From Table 2, we find that both the RMSE and Pearson’s of D-VAE are significantly better than other models. This verifies D-VAE’s advantages of encoding the computations on DAGs. S-VAE follows closely by achieving the second best performance. GraphRNN and GCN have less satisfying performance in this experiment. The better predictive power of D-VAE’s latent space means performing Bayesian optimization in this space is more likely to find high-performance points.

Figure 5: Great circle interpolation starting from a point and returning to itself. Upper: D-VAE. Lower: S-VAE.
Figure 6: Linear interpolation between two random Bayesian networks. BIC score marked on top. Upper: D-VAE. Lower: S-VAE.

4.3 Bayesian Optimization

We perform Bayesian optimization using the two best models, D-VAE and S-VAE, validated by previous experiments. Based on the SGP model from the last experiment, we perform 10 iterations of batch Bayesian optimization with batch size = 50 using the expected improvement (EI) heuristic [60]. Concretely speaking, we start from the training data’s embeddings, and iteratively propose new points that are most promising to be decoded to DAGs with better performance. Such decoded DAGs’ performances are evaluated and the new data are added back to the training data. Finally, we check the best-performing DAGs found by each model.

Neural architectures. For searching neural architectures, we select the top 15 found architectures in terms of their weight-sharing accuracies and fully train them on CIFAR-10’s train set to get their true test accuracies. More details can be found in Appendix B. We visualize the 5 architectures with the highest true test accuracies in Figure 3. As we can see, D-VAE on average found much better neural architectures than S-VAE. Among the selected architectures, the best true test accuracy 94.80% of D-VAE is 2.01% higher than the best true test accuracy of S-VAE. Although not outperforming state-of-the-art NAS techniques which achieved an error rate of 2.11% on CIFAR-10 [35], our architecture search space is much smaller, and we did not apply any data augmentation techniques such as Cutout [61], nor did we copy multiple folds or add more filters after finding the architecture. Furthermore, our found architecture only contains 3 million parameters, while the state-of-the-art NAONet + Cutout has 128 million parameters. In this paper, we mainly focus on illustrating this idea of training VAE models for DAG optimization, since beating state-of-the-art NAS methods require a lot of engineering and computation resources.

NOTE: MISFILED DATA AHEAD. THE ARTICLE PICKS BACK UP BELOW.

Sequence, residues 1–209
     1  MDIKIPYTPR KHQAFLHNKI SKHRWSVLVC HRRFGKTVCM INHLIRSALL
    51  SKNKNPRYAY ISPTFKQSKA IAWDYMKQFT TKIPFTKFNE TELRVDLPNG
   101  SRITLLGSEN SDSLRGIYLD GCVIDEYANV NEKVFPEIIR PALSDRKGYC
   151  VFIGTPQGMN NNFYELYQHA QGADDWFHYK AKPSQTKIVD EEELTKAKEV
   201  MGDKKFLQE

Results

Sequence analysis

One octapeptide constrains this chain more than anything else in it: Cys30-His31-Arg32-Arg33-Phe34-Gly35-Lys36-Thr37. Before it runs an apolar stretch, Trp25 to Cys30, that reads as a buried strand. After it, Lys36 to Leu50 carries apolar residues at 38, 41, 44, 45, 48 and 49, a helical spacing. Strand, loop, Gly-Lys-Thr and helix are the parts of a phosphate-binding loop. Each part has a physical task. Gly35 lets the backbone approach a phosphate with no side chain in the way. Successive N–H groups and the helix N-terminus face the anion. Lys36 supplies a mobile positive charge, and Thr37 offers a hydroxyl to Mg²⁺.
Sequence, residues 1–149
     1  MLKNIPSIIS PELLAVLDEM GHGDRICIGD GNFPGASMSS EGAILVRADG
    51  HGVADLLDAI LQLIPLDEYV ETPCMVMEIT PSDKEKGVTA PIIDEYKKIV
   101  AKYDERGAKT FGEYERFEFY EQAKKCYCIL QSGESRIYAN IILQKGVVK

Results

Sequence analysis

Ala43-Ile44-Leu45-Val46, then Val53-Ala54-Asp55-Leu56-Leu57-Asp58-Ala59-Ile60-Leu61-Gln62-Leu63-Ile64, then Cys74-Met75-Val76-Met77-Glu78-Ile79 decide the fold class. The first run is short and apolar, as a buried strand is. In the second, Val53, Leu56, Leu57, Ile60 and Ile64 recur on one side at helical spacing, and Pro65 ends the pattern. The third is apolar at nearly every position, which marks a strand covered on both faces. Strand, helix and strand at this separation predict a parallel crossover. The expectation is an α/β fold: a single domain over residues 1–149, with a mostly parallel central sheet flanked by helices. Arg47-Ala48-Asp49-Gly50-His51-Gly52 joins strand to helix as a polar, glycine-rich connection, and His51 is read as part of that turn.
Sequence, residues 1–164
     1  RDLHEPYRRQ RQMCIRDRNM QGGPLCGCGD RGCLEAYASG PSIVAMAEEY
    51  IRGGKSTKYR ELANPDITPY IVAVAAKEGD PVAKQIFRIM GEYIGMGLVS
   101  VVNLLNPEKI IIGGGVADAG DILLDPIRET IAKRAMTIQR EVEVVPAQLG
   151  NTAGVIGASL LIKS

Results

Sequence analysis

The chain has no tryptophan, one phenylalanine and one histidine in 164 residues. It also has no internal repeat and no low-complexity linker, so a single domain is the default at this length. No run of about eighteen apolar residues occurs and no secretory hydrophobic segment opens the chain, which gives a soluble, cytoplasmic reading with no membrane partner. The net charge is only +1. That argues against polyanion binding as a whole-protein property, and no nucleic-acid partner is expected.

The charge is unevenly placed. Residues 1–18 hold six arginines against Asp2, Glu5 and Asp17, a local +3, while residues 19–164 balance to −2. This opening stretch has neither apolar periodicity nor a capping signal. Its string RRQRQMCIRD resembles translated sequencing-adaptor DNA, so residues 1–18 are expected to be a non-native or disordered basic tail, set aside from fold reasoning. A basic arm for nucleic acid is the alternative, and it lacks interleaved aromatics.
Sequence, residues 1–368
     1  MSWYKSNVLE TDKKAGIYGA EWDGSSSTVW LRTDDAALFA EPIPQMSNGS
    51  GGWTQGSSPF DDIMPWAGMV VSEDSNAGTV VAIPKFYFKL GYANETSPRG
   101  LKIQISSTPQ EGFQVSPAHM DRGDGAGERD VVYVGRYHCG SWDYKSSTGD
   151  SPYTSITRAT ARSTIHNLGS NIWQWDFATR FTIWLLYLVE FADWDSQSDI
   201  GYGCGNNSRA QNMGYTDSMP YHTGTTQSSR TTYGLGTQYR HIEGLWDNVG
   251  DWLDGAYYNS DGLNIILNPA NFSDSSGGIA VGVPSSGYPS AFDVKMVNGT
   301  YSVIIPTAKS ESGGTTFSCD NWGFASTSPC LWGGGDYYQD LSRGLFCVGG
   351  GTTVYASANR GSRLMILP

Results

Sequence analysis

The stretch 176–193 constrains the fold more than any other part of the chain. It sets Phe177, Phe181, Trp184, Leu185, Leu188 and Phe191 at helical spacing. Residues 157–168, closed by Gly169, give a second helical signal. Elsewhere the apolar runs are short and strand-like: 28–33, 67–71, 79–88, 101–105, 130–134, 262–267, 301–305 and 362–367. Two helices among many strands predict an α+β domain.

Bayesian networks. We similarly report the top 5 Bayesian networks found by each model ranked by their BIC scores in Figure 4. As we can see, D-VAE generally found better Bayesian networks than S-VAE. The best network discovered achieved a BIC of -11125.75, which is better than the best train example which has a BIC of -11141.89. For reference, the true Bayesian network used to generate the Asia data has a BIC of -11109.74. Although we have not been able to exactly find the true network, embedding Bayesian networks to vectors does show a promising direction for Bayesian network structure learning.